Tuesday, November 6, 2007

Oppression and resistance at your local bookstore

Who knew that the dominant paradigm we would have to subvert was the Dewey Decimal System?

Comes now Portland State grad student Barbara Shaw, who discovered while working on her doctoral dissertation on the evolution of sloths, armadillos, and anteaters (Hey, hey! Don't laugh! That's a totally down-to-earth topic compared to mine!) that Powell's bookstores, like almost bookstores and libraries, follow standard cataloging conventions (Dewey Decimal or Library of Congress) to shelve their books by topic.

On the face of it, that's no bad thing. The alternative would be anarchy. Do you hear me? Anarchy!*

Problem is, both of those cataloging systems lump intelligent design, creation science, and their ilk in with serious, actual books on science.

The Merc's Amy Ruiz picks up the story from here:
Books on intelligent design—or, the idea that "certain features of the universe and of living things are best explained by an intelligent cause, not an undirected process such as natural selection," according to the conservative Christian Discovery Institute think tank, a leading proponent of the notion—shouldn't be in the science section, Shaw argues.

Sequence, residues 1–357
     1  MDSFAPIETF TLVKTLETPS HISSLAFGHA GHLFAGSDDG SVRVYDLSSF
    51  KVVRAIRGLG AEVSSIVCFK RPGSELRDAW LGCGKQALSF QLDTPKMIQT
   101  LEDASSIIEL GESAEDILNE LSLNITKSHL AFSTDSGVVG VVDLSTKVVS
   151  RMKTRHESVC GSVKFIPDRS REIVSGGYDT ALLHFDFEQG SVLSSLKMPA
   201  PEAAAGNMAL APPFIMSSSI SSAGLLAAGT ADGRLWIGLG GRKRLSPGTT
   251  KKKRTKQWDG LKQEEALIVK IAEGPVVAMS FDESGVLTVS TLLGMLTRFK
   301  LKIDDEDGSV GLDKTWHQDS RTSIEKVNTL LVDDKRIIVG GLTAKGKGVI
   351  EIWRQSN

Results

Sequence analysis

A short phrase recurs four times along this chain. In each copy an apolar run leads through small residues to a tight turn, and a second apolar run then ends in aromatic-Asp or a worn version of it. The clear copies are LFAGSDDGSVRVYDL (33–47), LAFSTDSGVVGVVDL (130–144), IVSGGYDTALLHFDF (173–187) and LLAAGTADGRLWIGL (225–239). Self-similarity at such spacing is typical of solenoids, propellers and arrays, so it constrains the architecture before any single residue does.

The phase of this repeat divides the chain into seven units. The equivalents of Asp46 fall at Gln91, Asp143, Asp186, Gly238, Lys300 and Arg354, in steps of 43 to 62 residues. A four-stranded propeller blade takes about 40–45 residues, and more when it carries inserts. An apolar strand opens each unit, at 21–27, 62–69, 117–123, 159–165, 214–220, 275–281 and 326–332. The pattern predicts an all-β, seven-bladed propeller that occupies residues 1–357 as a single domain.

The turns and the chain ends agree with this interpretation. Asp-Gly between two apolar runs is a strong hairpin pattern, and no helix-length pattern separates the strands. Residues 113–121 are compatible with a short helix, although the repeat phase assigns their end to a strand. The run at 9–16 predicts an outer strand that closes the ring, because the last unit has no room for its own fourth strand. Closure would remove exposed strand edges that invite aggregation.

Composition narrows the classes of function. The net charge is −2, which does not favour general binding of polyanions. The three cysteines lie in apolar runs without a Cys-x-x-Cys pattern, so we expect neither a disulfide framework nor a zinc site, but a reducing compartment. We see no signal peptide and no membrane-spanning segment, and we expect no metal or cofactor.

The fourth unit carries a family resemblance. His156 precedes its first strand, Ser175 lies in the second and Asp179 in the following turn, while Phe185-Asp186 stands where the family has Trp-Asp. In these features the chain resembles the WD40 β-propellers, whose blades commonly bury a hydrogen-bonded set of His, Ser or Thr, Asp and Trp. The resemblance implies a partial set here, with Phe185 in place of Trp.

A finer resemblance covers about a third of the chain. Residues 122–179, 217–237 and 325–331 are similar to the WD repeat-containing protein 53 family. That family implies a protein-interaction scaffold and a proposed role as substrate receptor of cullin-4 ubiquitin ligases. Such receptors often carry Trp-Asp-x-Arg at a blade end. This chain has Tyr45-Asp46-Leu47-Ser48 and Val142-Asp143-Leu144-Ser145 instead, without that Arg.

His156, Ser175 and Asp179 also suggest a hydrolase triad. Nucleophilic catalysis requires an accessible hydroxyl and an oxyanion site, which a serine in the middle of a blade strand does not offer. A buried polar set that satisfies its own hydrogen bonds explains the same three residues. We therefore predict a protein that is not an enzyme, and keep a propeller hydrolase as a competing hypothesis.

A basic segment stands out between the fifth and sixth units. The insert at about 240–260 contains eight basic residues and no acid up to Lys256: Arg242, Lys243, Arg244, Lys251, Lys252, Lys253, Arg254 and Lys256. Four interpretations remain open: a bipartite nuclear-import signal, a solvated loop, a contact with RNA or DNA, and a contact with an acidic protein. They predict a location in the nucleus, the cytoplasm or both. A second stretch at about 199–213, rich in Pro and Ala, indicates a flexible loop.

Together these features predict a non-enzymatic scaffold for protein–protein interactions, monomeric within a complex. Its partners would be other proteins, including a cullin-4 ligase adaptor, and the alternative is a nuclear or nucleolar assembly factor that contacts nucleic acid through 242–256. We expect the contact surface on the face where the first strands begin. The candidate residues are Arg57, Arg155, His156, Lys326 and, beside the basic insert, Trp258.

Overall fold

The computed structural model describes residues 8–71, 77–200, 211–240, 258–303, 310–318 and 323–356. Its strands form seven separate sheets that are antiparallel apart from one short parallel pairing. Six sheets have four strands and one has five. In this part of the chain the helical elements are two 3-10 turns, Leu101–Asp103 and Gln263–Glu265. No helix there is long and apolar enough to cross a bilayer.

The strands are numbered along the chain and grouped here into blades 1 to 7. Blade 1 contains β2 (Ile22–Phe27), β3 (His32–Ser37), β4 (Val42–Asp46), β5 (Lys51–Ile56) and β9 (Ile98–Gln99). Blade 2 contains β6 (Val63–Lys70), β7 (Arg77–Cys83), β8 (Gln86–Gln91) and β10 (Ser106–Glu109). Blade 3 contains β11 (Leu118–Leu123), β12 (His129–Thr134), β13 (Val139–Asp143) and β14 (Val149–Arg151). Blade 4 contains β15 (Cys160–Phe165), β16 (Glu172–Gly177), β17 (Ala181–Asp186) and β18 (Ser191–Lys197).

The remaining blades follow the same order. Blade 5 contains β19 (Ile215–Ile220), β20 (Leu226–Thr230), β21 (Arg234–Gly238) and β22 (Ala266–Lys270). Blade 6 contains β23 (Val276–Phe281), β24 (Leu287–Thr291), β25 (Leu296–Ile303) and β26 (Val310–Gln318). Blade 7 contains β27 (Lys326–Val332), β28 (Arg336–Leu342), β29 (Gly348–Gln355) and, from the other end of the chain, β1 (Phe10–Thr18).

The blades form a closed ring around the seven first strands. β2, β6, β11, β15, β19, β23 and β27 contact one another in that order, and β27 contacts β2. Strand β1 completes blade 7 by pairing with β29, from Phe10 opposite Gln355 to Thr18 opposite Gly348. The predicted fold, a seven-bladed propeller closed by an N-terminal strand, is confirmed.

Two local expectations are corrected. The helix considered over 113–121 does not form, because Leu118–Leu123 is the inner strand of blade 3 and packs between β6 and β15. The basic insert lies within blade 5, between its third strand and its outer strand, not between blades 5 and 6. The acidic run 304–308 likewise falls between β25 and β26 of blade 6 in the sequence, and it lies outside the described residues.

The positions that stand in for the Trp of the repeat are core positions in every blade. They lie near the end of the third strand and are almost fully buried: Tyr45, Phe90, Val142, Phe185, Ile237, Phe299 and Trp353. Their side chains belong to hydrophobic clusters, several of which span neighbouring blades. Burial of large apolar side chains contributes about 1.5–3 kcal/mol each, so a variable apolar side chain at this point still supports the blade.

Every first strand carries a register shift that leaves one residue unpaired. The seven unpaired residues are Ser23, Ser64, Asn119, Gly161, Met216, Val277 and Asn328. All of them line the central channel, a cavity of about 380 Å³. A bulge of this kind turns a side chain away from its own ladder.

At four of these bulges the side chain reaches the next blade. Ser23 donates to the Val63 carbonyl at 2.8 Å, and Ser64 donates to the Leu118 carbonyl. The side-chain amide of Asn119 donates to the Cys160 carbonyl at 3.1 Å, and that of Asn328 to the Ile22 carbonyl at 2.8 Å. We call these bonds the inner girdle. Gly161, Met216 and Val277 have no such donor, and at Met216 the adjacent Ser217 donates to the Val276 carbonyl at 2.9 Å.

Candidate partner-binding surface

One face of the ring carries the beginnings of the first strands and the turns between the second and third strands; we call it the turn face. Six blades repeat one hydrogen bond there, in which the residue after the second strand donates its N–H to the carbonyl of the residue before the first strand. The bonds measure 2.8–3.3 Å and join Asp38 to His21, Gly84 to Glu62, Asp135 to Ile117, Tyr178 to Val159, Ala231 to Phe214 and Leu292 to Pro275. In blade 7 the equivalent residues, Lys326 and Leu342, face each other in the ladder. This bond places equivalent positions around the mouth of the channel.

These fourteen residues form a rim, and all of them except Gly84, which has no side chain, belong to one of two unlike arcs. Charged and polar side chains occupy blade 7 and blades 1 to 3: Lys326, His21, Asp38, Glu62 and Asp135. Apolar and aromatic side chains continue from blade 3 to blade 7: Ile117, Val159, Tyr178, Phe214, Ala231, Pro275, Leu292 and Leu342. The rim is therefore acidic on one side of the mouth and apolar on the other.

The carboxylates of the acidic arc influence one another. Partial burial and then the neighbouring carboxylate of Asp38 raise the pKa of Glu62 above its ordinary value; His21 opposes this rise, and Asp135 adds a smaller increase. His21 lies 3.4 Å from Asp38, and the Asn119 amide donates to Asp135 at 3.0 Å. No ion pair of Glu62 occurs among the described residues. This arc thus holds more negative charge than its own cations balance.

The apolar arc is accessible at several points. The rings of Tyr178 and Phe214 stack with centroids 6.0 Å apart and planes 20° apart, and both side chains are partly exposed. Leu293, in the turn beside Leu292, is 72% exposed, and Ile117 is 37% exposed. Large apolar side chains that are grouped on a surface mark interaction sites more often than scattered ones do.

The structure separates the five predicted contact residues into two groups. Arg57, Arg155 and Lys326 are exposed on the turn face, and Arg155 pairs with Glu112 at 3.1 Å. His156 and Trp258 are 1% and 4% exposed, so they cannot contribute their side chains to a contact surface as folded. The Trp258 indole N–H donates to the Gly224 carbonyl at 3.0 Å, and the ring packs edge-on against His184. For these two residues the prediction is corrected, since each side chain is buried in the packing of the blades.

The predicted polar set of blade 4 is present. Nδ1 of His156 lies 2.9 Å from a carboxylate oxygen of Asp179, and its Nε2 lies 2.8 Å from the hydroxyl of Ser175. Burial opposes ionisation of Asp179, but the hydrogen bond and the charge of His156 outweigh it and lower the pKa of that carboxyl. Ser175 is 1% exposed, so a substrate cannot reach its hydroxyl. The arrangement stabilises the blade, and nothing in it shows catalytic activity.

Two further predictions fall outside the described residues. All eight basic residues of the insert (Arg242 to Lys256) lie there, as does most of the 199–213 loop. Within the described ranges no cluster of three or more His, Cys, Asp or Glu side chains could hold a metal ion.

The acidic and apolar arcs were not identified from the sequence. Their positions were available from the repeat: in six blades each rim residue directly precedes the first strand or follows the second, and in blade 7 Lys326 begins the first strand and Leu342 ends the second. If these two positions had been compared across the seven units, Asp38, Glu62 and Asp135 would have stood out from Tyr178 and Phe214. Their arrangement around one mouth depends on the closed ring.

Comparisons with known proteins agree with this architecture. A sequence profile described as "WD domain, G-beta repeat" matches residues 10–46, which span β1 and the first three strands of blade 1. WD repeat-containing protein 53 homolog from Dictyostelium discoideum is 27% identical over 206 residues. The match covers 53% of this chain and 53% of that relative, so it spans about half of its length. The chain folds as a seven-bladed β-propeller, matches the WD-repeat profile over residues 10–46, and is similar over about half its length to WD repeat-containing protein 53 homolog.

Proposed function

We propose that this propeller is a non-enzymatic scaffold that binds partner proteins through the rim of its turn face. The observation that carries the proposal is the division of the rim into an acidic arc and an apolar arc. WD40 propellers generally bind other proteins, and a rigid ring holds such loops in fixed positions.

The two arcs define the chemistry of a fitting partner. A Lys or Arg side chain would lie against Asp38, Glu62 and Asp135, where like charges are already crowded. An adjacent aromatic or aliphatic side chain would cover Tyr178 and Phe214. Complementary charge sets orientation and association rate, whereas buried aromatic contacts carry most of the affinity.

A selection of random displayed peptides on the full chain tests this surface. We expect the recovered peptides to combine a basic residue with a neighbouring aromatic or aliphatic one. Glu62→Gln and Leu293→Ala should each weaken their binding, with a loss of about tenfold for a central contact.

"They're not science. Intelligent design by its very definition is invoking supernatural powers," she adds. The problem is, libraries and bookstores use the Dewey Decimal or the Library of Congress' systems to shelve books, and both systems lump intelligent design books in with science. A more appropriate Dewey Decimal location would be the "science and religion" section, Shaw argues.

Indeed, the issue of whether intelligent design is science or religion—and, specifically, whether it should be taught in public school science curriculums—has been addressed in the federal courts, with Judge John E. Jones III ruling in December 2005 that intelligent design "cannot uncouple itself from its creationist, and thus religious, antecedents."

According to the story, Shaw and others are petitioning the Library of Congress to reclassify "intelligent design" and "creation science" somewhere away from "science"--perhaps to "speculative fiction." (Oregon Department of Education rules specifically prohibit teaching "creationism and/or 'intelligent design'" in the science classroom.)

But the coolest part of the whole story is this:
Shaw has heard there are "guerilla evolutionists" around the country who sneak around libraries and bookstores, re-shelving books.

Good luck to Barbara.

*Although I posted it this morning, I wrote this yesterday, Guy Fawkes Day; I had to work the A-word in somehow.

(Image via Sticker Giant.)

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